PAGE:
A dog can be a man's best friend, but they can also pose a challenge when it comes to keeping your home neat, tidy, and damage-free. Dogs can scratch floors, make a mess on the carpet, tear up your furniture, steal your favorite socks… and the list goes on. There's no doubt that being a dog owner is fun – after all, who doesn't enjoy having such an enthusiastic best friend hanging around all the time – but taking care of a pet requires thoughtful planning and preparation. By following these tips, you can plan ahead, making your home dog-friendly so that you can avoid any potential headaches later on.
Start with the basics: a dog-ready home will feature a solid floor. You'll need to consider the nature of your dog and whether they are likely to run, scratch, and scuff the floors – dogs are playful creatures, so the tougher the floor, the better. The ideal floor would be tile or concrete, non-absorbent, and resistant to wear and tear. Another option is to invest in a floor covering like linoleum that you don't mind replacing every few years.
Carpets are often out of the question when it comes to puppies (who tend to have accidents) and long-haired dogs (who tend to shed like crazy). A rug or carpet can often become the source of bad habits for your dog – once they learn that a carpet is a tempting place for mischief, it's hard to tell them otherwise. Remove your rugs and carpets lest they become a source of headache – and hours of scrubbing – later on.
Every dog owner knows that taking care of a dog involves several trips outside per day. Make your entryways as convenient as possible, and install a storage container, shelf, or rack where you can hang items like dog leashes, plastic bags, toys, and other items you'll want at a moment's notice when it's time to take the dog out.
Just as humans love to frequent the same friendly diners over and over again, dogs benefit greatly from steady routine. When you're planning out your dog-friendly home, take some time to consider where their permanent feeding area will be. This should be a spot that's far enough away from the human dining room to make a clear distinction between your dinner and theirs! It's also a good idea to elevate their dishes, as this trains the dog that eating off the ground (a.k.a. eating things they come across in the street) is not okay.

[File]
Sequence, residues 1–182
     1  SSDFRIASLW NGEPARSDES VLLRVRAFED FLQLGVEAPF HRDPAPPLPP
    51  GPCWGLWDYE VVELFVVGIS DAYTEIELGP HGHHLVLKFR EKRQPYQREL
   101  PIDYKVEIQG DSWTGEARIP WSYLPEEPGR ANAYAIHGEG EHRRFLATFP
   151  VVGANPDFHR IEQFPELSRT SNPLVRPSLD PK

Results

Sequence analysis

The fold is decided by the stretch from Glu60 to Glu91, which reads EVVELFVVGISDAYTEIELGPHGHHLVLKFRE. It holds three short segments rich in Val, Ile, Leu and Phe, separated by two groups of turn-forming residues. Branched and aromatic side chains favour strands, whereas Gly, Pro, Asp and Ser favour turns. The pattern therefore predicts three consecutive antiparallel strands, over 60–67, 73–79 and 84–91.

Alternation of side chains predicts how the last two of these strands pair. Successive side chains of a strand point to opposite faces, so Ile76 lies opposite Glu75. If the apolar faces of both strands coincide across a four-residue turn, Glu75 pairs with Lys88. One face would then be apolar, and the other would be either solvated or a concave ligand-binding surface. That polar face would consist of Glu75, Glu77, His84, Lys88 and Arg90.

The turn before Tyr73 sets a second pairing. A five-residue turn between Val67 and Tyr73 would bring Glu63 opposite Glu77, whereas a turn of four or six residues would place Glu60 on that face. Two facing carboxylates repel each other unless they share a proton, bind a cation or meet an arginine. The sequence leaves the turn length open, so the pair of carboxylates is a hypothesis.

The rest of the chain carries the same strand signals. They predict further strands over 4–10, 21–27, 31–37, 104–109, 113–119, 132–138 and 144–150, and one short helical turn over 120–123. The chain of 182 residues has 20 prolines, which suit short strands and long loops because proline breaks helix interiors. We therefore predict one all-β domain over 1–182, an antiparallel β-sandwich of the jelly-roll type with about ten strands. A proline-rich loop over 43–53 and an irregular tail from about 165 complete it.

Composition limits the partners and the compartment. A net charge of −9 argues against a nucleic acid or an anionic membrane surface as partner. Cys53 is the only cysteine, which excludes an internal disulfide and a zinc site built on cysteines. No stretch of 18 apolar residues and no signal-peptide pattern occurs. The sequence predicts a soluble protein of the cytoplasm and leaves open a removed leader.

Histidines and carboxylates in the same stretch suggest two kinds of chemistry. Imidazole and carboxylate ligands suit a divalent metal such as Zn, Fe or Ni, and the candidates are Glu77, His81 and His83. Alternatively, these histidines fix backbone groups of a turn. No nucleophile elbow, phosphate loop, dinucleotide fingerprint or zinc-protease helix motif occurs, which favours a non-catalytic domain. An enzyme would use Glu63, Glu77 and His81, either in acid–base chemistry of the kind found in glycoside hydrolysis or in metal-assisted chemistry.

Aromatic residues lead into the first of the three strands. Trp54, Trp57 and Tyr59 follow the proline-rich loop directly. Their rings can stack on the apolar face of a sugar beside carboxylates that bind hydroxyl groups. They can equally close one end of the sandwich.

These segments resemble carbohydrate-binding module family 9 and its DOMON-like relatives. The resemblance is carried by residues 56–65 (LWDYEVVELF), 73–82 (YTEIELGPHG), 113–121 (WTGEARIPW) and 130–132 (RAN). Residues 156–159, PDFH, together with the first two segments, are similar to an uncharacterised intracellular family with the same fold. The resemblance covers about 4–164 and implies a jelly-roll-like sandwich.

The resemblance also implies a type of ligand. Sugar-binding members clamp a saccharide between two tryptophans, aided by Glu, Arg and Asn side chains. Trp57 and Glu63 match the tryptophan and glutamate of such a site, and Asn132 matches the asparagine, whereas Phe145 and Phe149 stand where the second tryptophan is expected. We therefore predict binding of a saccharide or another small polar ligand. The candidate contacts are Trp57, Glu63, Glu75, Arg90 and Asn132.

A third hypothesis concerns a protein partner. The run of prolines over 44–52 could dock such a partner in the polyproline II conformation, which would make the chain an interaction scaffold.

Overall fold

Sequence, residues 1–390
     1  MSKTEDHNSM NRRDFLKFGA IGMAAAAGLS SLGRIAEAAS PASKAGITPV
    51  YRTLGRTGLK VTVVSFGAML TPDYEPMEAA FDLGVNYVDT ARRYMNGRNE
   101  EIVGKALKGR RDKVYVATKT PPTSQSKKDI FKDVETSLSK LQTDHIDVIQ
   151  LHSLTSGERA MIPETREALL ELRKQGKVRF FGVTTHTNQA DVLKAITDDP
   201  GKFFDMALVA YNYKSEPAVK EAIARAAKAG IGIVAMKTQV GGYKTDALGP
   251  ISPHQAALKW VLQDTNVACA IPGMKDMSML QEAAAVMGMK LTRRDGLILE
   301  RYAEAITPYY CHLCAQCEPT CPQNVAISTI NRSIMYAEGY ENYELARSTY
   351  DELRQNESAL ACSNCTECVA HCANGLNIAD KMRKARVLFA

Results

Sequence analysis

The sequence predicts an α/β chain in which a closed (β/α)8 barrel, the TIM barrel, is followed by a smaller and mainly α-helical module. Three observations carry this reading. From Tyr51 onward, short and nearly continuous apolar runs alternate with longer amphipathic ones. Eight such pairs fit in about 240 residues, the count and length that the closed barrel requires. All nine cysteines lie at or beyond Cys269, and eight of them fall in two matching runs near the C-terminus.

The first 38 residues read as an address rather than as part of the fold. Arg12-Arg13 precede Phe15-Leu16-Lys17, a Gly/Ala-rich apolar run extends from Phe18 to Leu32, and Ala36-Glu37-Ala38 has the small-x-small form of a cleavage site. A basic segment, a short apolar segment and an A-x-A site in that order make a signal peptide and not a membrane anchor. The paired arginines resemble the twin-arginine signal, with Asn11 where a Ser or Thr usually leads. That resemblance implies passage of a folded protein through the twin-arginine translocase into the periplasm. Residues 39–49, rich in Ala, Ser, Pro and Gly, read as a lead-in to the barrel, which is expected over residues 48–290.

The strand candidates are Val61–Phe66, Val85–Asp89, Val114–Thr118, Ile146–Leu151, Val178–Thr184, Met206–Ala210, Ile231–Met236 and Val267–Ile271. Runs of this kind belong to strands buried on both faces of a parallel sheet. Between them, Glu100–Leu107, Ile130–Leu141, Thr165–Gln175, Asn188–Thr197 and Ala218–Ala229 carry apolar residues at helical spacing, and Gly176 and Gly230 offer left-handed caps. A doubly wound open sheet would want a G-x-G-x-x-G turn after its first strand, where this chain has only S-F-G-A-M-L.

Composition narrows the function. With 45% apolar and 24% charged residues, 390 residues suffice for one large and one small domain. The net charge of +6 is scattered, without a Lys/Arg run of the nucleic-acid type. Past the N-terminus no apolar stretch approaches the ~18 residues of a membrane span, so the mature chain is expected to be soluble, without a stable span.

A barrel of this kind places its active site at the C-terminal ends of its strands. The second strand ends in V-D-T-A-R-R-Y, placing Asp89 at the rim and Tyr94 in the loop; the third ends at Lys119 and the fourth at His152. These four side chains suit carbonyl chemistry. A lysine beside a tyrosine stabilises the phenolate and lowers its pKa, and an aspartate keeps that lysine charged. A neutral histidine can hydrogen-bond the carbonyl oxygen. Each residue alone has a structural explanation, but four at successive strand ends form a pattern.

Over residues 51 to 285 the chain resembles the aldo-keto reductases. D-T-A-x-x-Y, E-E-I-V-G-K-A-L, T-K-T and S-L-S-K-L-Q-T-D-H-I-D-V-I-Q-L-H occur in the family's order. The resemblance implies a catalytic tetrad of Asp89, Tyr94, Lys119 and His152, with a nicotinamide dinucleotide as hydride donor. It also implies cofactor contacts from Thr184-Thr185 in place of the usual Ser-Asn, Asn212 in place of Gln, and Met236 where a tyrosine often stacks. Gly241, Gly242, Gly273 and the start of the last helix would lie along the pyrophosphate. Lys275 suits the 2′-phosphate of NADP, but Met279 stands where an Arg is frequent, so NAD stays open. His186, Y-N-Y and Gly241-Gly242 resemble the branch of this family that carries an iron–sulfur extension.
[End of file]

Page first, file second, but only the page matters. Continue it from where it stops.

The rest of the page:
While some dog owners love snuggling with their furry friend, many don't! Creating a dog bed can be as simple as using an old drawer or crate and filling it with a fuzzy blanket (perk: this is also a lot easier to wash than a poofy, plush dog bed). Make sure your pooch has a spot to snuggle that's not too cold and not too warm – in the summer months, it may be best to switch out the fleece for something a bit more temperature-appropriate.
If you're thinking of adopting a dog, it's helpful to take a look at your bathroom first. Is it a bathroom where it will be easy for you to give your dog a bath? For larger dogs, you may want to purchase a crate or step stool for getting them in and out of a tub. You'll also want to make sure you've got a good drain cover on your shower's drain, as bathing a dog can put a lot of hair down your pipes if you're not careful!
Just as a mother and father baby-proof their home by getting special locks for their cabinets and picking up small choking hazards from the floor, you must also dog-proof your home! Dogs often take interest in items like cords, shoes, leather purses, plush items, and objects that have strong smells. A wagging tail can also target fragile items like tabletop vases or cups left out on the coffee table. When planning for a dog, you'll need to make sure that the items you'd like to keep safe are truly out of reach and that any foods your dog may take interest in are in the fridge or cabinets. This goes for the bag of dog food as well! No need for a stomachache from overindulgence!
Along with dog-proofing your items, you'll want to consider your dog's items. You may have small stuffed animals or fetch toys for playing with your dog – make sure that these toys are located in a space that conveys
play time to your pet – keeping these items in your office, for example, may encourage them to start encroaching on your workspace. Keep the toys in a basket or box in a consistent spot so that you can train them to use their toys at the appropriate playtimes.
If you're looking for tips on cleaning up your space, have a look at this ideabook.